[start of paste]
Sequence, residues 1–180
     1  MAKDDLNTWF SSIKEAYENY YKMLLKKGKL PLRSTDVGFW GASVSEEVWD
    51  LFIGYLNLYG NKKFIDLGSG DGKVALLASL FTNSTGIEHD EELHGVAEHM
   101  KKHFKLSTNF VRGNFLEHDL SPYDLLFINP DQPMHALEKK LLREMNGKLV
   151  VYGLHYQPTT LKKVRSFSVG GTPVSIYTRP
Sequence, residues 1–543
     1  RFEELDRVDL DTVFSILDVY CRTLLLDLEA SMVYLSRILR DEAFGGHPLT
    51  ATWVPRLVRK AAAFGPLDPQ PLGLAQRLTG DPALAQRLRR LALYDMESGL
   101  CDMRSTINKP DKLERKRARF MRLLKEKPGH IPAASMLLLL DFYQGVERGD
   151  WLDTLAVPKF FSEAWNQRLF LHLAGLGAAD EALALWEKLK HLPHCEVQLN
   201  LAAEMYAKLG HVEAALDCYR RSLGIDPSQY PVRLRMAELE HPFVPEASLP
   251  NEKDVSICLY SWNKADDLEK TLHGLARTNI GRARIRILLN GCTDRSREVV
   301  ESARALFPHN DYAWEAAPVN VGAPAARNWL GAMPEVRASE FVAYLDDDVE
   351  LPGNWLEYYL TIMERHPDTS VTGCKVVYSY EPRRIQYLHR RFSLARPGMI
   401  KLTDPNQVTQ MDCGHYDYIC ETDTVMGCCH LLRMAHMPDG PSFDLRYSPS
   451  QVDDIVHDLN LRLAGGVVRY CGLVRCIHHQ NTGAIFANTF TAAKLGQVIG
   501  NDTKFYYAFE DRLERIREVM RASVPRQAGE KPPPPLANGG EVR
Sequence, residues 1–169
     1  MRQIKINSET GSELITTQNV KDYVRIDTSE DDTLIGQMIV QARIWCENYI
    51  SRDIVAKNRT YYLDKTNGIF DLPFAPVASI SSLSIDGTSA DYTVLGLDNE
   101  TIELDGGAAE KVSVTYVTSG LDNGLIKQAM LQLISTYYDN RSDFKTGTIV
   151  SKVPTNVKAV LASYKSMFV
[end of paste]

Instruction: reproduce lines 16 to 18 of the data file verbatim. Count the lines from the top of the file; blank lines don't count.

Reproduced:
   451  QVDDIVHDLN LRLAGGVVRY CGLVRCIHHQ NTGAIFANTF TAAKLGQVIG
   501  NDTKFYYAFE DRLERIREVM RASVPRQAGE KPPPPLANGG EVR
Sequence, residues 1–169